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Inhaltsverzeichnis
Lernbereich Lektürehilfen
Übersicht
Brave New World
Introduction
Summaries
Chapter 1
Chapter 2
Chapter 3
Chapter 4-6
Chapter 7-8
Chapter 9-10
Chapter 11-12
Chapter 13-15
Chapter 16
Chapter 17-18
Characters
Interpretation
Themes
Motifs
Symbols
Style
Setting
Context
Crooked Letter, Crook...
Summaries
Chapter 1 - 2
Chapter 3 - 4
Chapter 5
Chapter 6
Chapter 7
Chapter 8
Chapter 9
Chapter 10 - 11
Chapter 12 - 13
Chapter 14 - 16
Chapter 17 - 19
Characters
Symbols and Symbolism
Themes and Motifs
Gran Torino
Introduction
Key Scenes
Characters
Storytelling
Setting
Themes and Motifs
Half Broke Horses
Summaries
Chapter I: Salt Draw
Chapter II: The Mirac...
Chapter III: Promises
Chapter IV: The Red S...
Chapter V: Lambs
Chapter VI: Teacher L...
Chapter VII: The Gard...
Chapter VIII: Gumshoe...
Chapter IX: The Flybo...
Epilogue: The Little ...
Family Structures
Main Characters
Lily Casey Smith
Adam Casey
Daisy Mae Casey
Helen Casey
Jim Smith
Rosemary Smith
Rex Walls
Secondary Characters
Buster Casey
Dorothy Casey
Mother Albertina
Ted Conover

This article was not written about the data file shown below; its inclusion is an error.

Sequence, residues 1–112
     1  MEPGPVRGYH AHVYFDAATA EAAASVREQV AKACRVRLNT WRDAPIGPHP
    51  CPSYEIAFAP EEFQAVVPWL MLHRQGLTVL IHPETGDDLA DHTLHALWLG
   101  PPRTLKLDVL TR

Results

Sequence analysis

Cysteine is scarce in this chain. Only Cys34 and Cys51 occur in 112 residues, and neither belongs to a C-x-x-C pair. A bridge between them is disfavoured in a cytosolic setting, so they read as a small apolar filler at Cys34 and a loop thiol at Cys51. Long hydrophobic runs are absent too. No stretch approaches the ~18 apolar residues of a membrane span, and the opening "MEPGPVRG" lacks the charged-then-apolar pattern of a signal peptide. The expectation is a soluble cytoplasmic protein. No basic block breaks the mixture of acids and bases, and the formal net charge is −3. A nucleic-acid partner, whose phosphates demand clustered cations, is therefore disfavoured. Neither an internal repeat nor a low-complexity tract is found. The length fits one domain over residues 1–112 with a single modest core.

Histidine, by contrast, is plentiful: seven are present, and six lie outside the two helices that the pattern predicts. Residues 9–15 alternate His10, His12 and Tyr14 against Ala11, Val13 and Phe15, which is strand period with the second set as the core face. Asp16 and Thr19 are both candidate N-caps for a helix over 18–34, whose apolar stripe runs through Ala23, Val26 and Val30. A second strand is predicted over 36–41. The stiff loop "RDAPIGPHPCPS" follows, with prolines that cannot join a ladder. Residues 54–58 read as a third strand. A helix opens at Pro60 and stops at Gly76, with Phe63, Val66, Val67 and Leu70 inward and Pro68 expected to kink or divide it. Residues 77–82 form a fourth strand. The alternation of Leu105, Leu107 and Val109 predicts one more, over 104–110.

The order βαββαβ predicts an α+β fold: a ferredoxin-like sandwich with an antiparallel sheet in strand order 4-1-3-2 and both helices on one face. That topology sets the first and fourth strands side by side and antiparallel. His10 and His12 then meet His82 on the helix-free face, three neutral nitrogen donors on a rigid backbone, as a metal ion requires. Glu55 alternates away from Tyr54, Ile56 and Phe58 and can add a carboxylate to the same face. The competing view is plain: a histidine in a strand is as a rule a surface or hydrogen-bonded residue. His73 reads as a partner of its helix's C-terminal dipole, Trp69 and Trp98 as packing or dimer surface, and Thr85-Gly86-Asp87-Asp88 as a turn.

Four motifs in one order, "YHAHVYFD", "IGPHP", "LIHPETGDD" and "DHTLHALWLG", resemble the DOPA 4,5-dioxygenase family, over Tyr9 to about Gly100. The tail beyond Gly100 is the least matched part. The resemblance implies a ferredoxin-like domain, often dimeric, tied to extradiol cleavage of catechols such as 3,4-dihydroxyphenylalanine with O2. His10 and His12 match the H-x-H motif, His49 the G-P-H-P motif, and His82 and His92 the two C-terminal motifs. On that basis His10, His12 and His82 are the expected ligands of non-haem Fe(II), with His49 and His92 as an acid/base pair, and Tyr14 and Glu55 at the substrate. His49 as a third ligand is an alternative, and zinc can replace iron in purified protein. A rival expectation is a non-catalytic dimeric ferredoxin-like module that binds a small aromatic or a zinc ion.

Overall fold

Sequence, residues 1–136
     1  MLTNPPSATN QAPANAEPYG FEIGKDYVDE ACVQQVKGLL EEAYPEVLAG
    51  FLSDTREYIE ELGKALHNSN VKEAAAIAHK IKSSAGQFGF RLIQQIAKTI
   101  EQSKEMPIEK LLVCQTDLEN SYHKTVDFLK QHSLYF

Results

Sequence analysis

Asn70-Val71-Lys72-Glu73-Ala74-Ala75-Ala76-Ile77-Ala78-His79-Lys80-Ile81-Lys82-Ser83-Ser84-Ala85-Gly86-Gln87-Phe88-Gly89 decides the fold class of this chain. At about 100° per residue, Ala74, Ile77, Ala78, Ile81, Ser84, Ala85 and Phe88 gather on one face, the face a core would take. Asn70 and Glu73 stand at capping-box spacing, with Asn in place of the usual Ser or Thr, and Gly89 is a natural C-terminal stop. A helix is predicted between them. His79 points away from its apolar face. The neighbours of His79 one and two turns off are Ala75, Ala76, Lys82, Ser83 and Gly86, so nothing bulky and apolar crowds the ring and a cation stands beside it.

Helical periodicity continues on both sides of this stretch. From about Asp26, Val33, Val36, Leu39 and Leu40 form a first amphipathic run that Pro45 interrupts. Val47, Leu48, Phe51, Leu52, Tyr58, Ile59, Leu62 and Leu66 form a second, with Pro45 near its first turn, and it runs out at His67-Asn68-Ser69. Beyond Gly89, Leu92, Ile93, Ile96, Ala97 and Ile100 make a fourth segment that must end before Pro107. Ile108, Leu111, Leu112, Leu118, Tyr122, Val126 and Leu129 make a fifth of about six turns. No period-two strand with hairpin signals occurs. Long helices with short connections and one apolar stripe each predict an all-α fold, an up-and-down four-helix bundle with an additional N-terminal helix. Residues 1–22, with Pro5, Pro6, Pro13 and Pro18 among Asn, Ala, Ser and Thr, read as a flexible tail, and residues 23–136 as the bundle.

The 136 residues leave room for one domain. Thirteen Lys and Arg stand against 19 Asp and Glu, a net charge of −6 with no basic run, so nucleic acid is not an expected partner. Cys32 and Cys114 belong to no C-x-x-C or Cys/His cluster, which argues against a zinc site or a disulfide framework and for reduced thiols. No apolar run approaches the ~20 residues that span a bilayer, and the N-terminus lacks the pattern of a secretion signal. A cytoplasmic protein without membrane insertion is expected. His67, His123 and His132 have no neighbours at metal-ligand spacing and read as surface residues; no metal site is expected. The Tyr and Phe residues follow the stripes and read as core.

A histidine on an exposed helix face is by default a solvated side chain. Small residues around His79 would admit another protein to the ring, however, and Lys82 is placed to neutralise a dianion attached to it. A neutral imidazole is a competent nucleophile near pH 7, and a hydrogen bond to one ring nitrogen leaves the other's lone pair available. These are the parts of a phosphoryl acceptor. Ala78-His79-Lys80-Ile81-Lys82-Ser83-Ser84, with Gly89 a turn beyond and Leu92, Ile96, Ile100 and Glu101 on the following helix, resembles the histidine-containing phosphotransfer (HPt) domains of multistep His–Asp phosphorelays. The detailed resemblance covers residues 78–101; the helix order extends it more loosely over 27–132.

Orville Stubbs
Jim Smith junior
Other Characters
Structure of the Nove...
Setting
Prüfungsaufgaben zur ...
L.A. Crash
Einleitung
Schlüsselszenen
Narrative Filmstruktu...
Setting
Fakten
Bevölkerungsstruktur
Kriminalität
Personen im Film
Hauptcharaktere
Officer John Ryan
Officer Tom Hansen
Cameron und Christine...
Rick und Jean Cabot
Anthony
Peter Waters
Graham Waters
Daniel Ruiz
Farhad
Nebencharaktere
Verflechtung der Haup...
Verflechtung der Haup...
Bedeutung des Titels
Themen und Motive
Rassismus
Vorurteile
Kriminalität
Isolation und Ausgren...
Dominanz
Religion
Einwanderung
Besiedelung des Weste...
9/11
Waffenrecht in den US...
Filmanalyse
Kameraführung
Licht
Musik
Prüfungsaufgaben zur ...
Macbeth
Introduction
Summaries
Act I
Act II
Act III
Act IV
Act V
Characters
Interpretation
Themes
Motifs
Symbols
Style
Context
Good To Know
Othello
Introduction
Summaries
Act I
Act II
Act III
Act IV
Act V
Characters
Interpretation
Themes
Motifs
Symbols
Style
Context
Romeo and Juliet
Introduction
Summaries
Act I
Act II
Act III
Act IV
Act V
Characters
Themes and Motifs
Setting
The Great Gatsby
Introduction
Summaries
Chapter 1
Chapter 2
Chapter 3
Chapter 4
Chapter 5
Chapter 6
Chapter 7
Chapter 8
Chapter 9
Characters
Interpretation
Themes
Motifs
Symbols
Style
Context
Good To Know
To Kill a Mockingbird
Introduction
Summaries
Chapter 1
Chapters 2 - 3
Chapters 4 - 6
Chapters 7 - 8
Chapters 9 - 11
Chapters 12 - 13
Chapters 14 - 15
Chapters 16 - 17
Chapters 18 - 19
Chapters 20 - 22
Chapters 23 - 25
Chapters 26 - 27
Chapters 28 - 31
Characters
Interpretation
Themes
Motifs
Symbols
Style
Context

Chapter 4

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The Great Gatsby: Chapter 4

Summary

  • Nick travels to New York City with Gatsby and Gatsby recounts stories from his past which Nick deems rather implausible
  • claims to be the son of wealthy parents from the Midwest and tells Nick that he is from San Francisco